On 2 November 2017 the US House of Representatives released the Tax Cuts and Jobs Act (the Bill). It proposes some key amendments to the current US tax system, which includes rules on how foreign income and foreign persons are taxed which could be of particular relevance to UK groups with US subsidiaries or UK subsidiaries of US-parented groups. Most of the provisions of the Bill are intended to take effect in 2018.
Reduction in corporate tax rate
The main impact for businesses as a result of the Bill is that the federal corporate tax rate would reduce from 35% to 20%, and certain “business income” from pass-through entities would be taxed at 25% instead of an owner’s individual rate. This will, therefore, reduce the natural arbitrage in corporate tax between the US and the UK (with the current UK rate being 19%, reducing to 17% at 1 April 2020).
Additionally, the Bill would repeal the corporate alternative minimum tax (AMT) and make existing AMT credit carry forwards refundable over a period of five years.
Participation exemption – one-off profits tax
Under the proposed Bill, the taxation of a US corporation’s foreign income would change from a worldwide system to an exemption system. There would be a 100% exemption from US tax for the foreign source portion of dividends paid by a foreign subsidiary to US corporate shareholders that own 10% or more of the foreign subsidiary. In order to claim the exemption, the Bill requires that a six month holding period along with certain other ownership conditions be met. The provisions would be effective for distributions made for tax years ending after 31 December 2017.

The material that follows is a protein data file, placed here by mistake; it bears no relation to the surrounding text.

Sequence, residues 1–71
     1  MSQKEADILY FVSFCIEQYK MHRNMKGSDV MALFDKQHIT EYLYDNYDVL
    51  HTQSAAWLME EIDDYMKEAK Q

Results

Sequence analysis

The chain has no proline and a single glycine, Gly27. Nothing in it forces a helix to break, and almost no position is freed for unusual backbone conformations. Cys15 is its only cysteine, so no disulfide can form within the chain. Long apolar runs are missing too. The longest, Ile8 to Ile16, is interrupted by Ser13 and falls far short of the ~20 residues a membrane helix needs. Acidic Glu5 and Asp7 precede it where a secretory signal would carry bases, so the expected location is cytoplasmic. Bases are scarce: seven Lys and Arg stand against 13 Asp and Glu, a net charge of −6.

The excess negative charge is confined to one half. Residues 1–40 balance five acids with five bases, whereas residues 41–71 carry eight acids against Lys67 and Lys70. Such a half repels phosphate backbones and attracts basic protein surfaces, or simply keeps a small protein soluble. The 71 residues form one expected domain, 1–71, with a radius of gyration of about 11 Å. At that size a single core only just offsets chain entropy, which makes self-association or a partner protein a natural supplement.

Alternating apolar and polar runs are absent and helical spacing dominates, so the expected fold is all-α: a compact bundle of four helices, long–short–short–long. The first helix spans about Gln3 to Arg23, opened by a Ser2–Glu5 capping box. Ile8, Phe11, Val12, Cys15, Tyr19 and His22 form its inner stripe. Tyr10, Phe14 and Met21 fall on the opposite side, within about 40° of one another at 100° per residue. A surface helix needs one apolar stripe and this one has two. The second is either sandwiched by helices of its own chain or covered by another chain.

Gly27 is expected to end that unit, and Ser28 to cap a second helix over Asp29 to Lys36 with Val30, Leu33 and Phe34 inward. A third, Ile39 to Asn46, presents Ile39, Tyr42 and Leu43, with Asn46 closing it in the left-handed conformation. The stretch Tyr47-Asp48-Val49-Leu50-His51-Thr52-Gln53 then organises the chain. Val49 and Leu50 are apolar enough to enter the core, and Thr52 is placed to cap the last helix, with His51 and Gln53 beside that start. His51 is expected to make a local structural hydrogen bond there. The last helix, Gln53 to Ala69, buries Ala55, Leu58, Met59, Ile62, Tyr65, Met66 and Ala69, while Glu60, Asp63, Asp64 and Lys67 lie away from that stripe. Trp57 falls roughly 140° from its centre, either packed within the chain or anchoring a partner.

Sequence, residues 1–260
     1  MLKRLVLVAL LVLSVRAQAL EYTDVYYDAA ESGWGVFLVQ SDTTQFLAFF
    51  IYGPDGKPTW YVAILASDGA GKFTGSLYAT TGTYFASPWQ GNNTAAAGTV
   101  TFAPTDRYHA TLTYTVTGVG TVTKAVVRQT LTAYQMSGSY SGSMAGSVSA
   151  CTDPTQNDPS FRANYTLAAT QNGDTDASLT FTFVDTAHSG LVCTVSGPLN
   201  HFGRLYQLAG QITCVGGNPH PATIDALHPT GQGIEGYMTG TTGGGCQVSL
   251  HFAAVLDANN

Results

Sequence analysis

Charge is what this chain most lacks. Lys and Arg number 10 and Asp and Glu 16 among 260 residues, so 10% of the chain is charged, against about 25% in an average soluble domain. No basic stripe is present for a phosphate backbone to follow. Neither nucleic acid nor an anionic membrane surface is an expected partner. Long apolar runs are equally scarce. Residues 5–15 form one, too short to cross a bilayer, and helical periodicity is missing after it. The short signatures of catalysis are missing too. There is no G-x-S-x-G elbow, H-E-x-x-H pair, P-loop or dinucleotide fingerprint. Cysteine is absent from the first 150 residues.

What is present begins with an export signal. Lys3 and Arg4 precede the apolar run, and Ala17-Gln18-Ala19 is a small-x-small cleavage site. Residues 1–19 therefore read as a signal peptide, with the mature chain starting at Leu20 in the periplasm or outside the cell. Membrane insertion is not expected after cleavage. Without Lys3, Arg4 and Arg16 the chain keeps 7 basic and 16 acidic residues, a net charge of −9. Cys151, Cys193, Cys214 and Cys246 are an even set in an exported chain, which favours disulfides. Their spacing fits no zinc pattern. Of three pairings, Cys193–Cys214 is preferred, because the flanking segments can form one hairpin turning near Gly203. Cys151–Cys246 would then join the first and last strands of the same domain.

No foreign tax credit or deduction would be permitted for any foreign taxes (including withholding taxes) paid or accrued with respect to any exempt dividend, and no deductions for expenses properly allocable to an exempt dividend (or shares that give rise to exempt dividends) would be taken into account for purposes of determining the US corporate shareholder’s foreign-source income. The exemption would not apply to dividends received from a passive foreign investment company that is not a controlled foreign corporation.
The new system would, therefore, provide an exemption to dividends paid from UK subsidiaries to US parent companies within a group. The removal of the tax credit would not affect UK-US payments because the UK does not levy withholding tax on dividends under its domestic legislation.
Transition tax – one-off ‘deemed repatriation’ of earnings and profits
As part of the migration to the exemption system, the Bill also includes a transition tax for untaxed foreign earnings accumulated under the current worldwide taxing system. This will potentially impose a large tax liability on US parented groups, depending on the historical earnings and profits (E&P) of their UK (and other foreign) subsidiaries.
The US shareholders would be required to include in income for the last tax year beginning before 1 January 2018 a pro-rata share of the net post-1986 historical E&P of the foreign subsidiary to the extent that such E&P has not previously been subject to US tax. This E&P is determined as the higher of this amount at 2 November 2017 or 31 December 2017 (an anti-forestalling measure to prevent taxpayers from shifting or reducing E&P before the end of 2017).